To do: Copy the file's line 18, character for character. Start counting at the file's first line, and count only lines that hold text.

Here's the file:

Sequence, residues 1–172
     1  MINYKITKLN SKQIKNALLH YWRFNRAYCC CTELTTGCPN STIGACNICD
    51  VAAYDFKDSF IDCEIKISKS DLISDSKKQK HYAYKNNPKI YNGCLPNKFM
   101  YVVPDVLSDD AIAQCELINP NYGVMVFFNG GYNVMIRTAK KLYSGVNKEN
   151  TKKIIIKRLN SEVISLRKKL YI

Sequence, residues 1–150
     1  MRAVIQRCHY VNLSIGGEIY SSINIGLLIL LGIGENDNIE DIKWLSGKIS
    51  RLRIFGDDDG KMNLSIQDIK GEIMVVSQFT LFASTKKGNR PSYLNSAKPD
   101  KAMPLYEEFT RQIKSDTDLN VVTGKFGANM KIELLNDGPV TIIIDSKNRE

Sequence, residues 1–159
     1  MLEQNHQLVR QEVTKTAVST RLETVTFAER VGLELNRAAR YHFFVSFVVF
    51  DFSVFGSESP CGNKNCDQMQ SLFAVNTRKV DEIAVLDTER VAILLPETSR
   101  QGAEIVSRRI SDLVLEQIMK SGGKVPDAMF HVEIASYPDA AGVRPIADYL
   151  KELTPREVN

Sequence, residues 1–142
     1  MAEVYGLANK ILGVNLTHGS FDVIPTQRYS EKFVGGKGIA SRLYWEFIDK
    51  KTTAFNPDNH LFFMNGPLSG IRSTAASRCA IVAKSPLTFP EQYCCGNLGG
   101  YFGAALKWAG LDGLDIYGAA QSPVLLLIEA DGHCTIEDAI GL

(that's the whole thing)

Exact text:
   101  YFGAALKWAG LDGLDIYGAA QSPVLLLIEA DGHCTIEDAI GL